The farm bill provides farmers with certainty.
With the agriculture and rural economy struggling, households across the country are struggling to meet their basic needs for nutrition, and with farm income down 46 percent from only three years ago, it is perilous to hinder development and passage of the 2018 Farm Bill with further cuts.
The farm bill is an omnibus, multi-year piece of authorizing legislation that governs an array of agricultural and food programs. It is typically renewed about every five years. The 2014 Farm Bill contains 12 titles encompassing commodity price and income supports, crop insurance, farm credit, trade, conservation, research, rural development, energy and foreign and domestic food programs, among others.
At the time of passage, the 2014 Farm Bill was projected to cost $956 billion during the next 10 years (FY2014-2023). The bill also made a $23 billion contribution to reduce the deficit over 10 years. In that session of Congress, it was the only reauthorization bill that voluntarily offered savings. These difficult decisions were made to reform and reduce the farm safety net, conservation initiatives and nutrition assistance.
The Congressional Budget Office’s January 2017 baseline estimates that the 2014 Farm Bill has cost far less than projected. According to CBO, the bill will spend $80 billion less, while mandatory federal spending outside the Agriculture Committees’ jurisdiction has risen over the same period.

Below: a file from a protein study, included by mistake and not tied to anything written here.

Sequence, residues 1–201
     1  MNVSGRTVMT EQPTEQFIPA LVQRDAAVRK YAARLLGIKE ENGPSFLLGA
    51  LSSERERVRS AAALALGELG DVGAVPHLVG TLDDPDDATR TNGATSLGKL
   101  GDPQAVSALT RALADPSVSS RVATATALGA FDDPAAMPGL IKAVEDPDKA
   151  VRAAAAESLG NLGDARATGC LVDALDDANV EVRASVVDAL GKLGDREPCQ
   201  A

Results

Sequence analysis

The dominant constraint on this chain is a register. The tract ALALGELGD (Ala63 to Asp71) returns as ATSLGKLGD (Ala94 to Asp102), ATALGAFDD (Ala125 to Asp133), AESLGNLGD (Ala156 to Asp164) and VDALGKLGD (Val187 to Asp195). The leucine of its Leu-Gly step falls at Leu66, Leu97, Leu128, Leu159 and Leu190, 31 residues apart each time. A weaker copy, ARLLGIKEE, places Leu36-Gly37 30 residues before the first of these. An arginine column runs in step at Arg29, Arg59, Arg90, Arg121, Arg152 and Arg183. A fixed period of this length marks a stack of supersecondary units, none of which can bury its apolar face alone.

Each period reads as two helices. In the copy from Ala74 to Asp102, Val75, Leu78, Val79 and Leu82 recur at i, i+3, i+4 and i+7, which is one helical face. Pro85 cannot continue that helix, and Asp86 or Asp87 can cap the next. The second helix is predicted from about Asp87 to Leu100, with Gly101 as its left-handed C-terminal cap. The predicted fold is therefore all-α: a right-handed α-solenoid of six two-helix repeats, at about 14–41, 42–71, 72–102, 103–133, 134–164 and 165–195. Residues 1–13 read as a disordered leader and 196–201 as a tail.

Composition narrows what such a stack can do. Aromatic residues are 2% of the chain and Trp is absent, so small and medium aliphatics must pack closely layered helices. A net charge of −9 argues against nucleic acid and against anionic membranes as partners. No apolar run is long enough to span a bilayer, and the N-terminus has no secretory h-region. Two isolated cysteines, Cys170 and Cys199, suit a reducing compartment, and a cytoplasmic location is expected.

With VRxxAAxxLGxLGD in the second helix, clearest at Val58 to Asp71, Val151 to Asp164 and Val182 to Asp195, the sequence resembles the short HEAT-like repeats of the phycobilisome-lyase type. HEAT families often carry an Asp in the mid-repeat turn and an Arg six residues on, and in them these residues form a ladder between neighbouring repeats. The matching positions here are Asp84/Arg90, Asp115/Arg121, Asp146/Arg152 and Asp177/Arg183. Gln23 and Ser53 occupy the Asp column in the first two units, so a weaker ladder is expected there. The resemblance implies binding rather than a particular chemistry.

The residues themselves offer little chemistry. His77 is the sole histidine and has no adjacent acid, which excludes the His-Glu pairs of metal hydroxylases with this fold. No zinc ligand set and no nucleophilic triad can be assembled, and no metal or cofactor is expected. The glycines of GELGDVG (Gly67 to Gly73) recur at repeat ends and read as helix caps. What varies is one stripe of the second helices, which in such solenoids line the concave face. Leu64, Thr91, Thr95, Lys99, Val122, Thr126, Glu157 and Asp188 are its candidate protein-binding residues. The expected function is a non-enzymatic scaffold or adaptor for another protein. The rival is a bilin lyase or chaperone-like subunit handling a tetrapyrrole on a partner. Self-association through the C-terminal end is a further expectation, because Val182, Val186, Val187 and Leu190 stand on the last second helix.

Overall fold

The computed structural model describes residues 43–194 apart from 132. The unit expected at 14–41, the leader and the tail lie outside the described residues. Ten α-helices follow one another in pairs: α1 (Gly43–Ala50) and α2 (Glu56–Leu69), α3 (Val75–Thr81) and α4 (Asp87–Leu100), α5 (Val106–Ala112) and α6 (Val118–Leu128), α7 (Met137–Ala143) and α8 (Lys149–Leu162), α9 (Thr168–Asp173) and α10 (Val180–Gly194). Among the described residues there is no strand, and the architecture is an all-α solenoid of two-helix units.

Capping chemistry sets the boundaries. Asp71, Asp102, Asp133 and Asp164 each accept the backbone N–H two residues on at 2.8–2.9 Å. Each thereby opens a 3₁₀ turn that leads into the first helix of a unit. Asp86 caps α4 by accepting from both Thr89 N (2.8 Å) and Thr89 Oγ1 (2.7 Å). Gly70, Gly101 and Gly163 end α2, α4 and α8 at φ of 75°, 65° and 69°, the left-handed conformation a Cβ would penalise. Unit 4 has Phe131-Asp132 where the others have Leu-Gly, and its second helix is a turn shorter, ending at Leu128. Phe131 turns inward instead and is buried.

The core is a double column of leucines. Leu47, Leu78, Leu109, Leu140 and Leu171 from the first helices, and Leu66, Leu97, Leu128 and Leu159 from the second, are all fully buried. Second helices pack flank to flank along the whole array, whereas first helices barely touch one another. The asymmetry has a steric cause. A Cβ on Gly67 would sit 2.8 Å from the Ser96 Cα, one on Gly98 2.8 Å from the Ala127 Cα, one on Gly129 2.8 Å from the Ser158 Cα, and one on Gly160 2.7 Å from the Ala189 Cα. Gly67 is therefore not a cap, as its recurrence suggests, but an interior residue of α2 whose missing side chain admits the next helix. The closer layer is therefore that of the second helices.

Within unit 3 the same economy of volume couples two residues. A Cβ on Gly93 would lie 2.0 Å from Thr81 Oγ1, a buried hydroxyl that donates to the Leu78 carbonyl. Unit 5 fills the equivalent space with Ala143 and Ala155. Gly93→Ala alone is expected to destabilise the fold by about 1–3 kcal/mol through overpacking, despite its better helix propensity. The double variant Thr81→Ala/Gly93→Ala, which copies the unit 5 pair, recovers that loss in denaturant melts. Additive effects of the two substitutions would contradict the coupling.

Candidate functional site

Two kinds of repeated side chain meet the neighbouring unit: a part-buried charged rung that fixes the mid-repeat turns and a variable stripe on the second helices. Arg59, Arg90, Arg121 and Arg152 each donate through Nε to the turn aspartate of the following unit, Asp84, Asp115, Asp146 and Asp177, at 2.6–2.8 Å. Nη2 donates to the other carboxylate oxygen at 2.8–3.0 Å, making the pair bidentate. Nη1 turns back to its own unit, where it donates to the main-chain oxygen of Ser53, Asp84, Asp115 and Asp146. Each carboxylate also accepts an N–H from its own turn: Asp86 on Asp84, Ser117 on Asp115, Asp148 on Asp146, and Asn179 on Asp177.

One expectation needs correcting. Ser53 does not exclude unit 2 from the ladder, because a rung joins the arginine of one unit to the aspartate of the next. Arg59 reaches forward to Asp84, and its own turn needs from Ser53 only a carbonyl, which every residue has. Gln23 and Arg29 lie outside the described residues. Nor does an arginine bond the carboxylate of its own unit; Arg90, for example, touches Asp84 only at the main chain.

The estimated total net outlays in the 2014 Farm Bill were in four categories: nutrition, crop insurance, conservation and farm commodity support. The following chart gives a breakdown of the projected outlays as of January 2017.
It is imperative that we pass a robust 2018 Farm Bill in a timely manner in order to provide certainty to America’s farmers as well as consumers.
Do the priorities listed below in the reference section reflect the priorities for Wisconsin Farm Bureau members?
If not, what changes need to be made?
What areas do we need additional specificity?
What programs could be scaled back or eliminated?
Are there new programs that should be included?
Wisconsin Farm Bureau members – Please discuss your viewpoints below in the comments section.
*Note: only comments from Wisconsin Farm Bureau members will be approved.
Read the full issue backgrounder: Farm Bill Issue Backgrounder